Once a year we take a turn providing the noon meal at church. Those who have enough space in a shed or basement host the services at their house. Due to our lack of space, we took our turn at Mom and Dad’s, which is just next door.
Of course, that included some extra work on their part. We greatly appreciated their willingness to do this work for us.
Planning the menu is one of my favorite parts. We chose to do a buffet-type meal. We had some potatoes from last year stored away that needed to be used, so potato casserole seemed like a good option. I enjoy making large quantities of food so I was tickled to have the opportunity to cook for the 116 people in our church.
I emptied and scrubbed a 40-quart tote where I store some of our blankets and used it as an extra-large mixing bowl for the potato casserole. I didn’t use a specific recipe. I’m a “dump cook.” I prefer not to use a recipe, but just dump this and that together, taste it, add more seasonings and call it good enough.
On Friday before church, I fried 12 pounds of deer sausage, diced some ham, shredded and cooked a bunch of potatoes, made a gallon or so of cheese sauce, then cooled and dumped everything into my tote, adding more seasonings, sour cream, ranch dressing and pepperoni. My husband, Daniel, helped mix everything up for me and took it to my uncle’s cooler to store it until Saturday evening when we planned to divide it into three or four large roasters.
I debated on my choice of a side dish. Finally I decided upon a favorite of ours: onion pie. We hadn’t had it for awhile and needed to use up a bunch of onions that wouldn’t keep much longer. Along with the onion pie (stay tuned for the recipe in a future column), we also served cottage cheese along with potato salad. Earlier in the week, I prepared and froze eight containers of cheesecakes. I chose several of our favorite kinds: mocha, peanut butter and mint.
On Sunday, we had our semiannual council meeting. We dismissed the children for lunch while the members remained seated. Our council meetings are a time for uniting on a deeper level and a preparation for communion which is usually two weeks later. The ministry expounds upon some of the basic hows and whys of the things we do, such as the principle of submission and the head coverings we ladies wear, according to how we understand Corinthians 11. I deeply value the opportunity of wearing a covering as a token of my choice to volunteer my submission to Christ and to my husband.
Another example is of nonconformity like it says in Romans 12:2. “And be not conformed to this world but be ye transformed by the renewing of your mind that ye may prove what is that good and acceptable and perfect will of God.” Unity is something that is taught a lot. Even though we don’t believe that a horse and buggy, plain clothes or anything in the Amish lifestyle will be what it takes to get us to Heaven, we do value the privilege of joining together in oneness and living for Jesus in a more simple, slow-paced lifestyle.
During council meeting, we also have a time of sharing testimonies and asking for prayer for specific needs and or struggles that anyone may have. Each person is also asked to voice his or her agreement or support or concern of the outline that the ministers gave on what we as a church stand for. We ladies take turns babysitting, since we were providing lunch and that required me to be out of the council meeting anyway. I took my turn on Sunday.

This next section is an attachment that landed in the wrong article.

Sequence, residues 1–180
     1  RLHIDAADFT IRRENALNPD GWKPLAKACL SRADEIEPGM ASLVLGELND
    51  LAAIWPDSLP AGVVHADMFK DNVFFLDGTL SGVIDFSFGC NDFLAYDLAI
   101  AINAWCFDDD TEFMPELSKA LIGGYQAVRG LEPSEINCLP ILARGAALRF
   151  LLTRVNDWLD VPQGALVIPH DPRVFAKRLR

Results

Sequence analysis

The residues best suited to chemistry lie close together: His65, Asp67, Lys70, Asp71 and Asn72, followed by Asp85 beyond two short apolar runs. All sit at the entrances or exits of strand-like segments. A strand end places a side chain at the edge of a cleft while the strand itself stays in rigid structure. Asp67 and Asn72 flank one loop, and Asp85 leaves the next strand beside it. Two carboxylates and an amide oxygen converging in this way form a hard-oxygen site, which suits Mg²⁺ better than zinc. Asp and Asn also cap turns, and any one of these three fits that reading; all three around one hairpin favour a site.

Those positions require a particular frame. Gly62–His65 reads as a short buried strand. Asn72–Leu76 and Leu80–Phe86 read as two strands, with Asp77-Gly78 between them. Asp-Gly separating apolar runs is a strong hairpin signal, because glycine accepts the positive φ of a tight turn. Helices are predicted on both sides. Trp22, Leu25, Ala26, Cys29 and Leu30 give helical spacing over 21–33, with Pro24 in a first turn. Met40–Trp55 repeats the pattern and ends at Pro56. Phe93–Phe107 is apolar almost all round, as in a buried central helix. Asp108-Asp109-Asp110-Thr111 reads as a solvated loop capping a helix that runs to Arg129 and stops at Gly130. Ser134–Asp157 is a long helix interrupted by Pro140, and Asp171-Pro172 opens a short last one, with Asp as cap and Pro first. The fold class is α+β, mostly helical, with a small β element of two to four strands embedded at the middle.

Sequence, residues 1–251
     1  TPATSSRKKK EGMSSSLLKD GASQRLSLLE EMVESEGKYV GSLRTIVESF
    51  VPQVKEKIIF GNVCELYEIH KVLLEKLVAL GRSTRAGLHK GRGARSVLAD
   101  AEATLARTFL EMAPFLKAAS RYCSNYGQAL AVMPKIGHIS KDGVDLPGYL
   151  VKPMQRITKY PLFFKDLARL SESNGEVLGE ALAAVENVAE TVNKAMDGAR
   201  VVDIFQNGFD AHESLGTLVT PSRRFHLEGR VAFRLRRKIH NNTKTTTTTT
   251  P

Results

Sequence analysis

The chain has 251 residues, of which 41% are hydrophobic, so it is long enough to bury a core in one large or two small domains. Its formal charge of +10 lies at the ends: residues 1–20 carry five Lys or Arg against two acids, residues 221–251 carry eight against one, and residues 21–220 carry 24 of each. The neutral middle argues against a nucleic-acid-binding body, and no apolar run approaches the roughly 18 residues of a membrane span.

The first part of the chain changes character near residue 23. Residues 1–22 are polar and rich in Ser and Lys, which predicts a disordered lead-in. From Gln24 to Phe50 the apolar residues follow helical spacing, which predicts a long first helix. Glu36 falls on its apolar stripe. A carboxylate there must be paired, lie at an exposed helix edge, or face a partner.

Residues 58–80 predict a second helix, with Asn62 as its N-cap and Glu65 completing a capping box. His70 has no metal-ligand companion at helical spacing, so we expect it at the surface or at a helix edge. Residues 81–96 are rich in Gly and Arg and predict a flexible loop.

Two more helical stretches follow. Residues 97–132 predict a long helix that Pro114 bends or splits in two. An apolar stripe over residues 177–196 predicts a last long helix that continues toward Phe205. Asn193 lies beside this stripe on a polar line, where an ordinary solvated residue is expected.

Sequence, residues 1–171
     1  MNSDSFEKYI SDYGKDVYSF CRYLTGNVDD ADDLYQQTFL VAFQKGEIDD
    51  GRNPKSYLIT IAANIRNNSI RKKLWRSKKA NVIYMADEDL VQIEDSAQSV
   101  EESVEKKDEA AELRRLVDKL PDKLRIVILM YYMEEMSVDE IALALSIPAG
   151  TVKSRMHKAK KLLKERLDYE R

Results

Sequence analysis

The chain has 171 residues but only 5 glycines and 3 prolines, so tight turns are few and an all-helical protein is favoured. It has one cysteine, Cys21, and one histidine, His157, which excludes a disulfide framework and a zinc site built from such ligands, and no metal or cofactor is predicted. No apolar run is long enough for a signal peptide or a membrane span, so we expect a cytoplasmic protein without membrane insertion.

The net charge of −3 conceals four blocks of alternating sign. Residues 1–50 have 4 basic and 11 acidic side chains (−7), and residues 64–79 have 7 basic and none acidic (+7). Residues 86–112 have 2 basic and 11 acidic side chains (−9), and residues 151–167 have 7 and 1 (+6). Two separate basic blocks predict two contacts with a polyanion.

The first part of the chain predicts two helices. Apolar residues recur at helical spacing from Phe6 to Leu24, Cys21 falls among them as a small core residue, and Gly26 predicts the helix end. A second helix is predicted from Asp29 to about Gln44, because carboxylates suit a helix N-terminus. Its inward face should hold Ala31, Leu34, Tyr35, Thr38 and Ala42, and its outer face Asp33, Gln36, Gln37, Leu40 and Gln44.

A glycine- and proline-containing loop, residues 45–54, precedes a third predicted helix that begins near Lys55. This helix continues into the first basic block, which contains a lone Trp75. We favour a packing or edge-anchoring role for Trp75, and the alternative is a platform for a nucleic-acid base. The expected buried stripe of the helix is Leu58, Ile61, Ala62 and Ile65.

There were about 30 children who went into the house to eat while the parents remained in the shop for council. Watching a roomful of children while preparing a large lunch was an exhausting balancing act, even with some help. Two hours later, the members were dismissed and ready for lunch. We worked as quickly as possible, setting the food onto two folding tables, creating four food lines, two for the men and two for the ladies. Several filled water glasses while others carried food from the house to the shop. Daniel was here and there and everywhere, helping where he could, fetching the large roasters with potato casseroles and doing whatever else was needed.
After Daniel made some announcements, he apologetically added: “The dessert is too hard.” We should have put the cheesecakes out of the freezer a bit earlier.
“Oh well, it’s what we make of it,” I decided. Daniel took a heavy-duty ice cream scoop and cut the cheesecake into chunks for the men while I did the ladies.
“This is just like a candy bar!” one lady exclaimed as she held a slab of mocha cheesecake in her hand, biting into it.
“Thanks for being positive,” I said, smiling.
How about giving the mocha cheesecake a try?
Be sure to remove from the freezer at least 30 to 45 minutes before serving. This is a Yoder specialty. Daniel’s family loves this dessert and shared the recipe with me. I prefer using heavy whipping cream instead of whipped topping and natural sweeteners such as maple syrup, stevia and raw sugar to taste, instead of sweetened condensed milk.
2 cups Oreo cookies, crushed
3 tablespoons butter, melted
Mix and press into a 9-inch pie pan, saving ½ cup to sprinkle on top
8 ounces of cream cheese, softened
½ can sweetened, condensed milk
1 teaspoon vanilla
2 cups whipped topping
1 tablespoon instant coffee granules
2 tablespoons hot water
½ cup chocolate syrup
Dissolve coffee granules in hot water and set aside. Beat cream cheese and add remaining ingredients. Whip together until smooth. Spoon over cookie crumbles. Sprinkle remaining crumbs over filling and freeze.
Readers with culinary or cultural questions or stories can write to Gloria Yoder, 10568 E. 350th Ave., Flat Rock, IL 62427-2019. To see more on the Amish, go to www.amish365.com.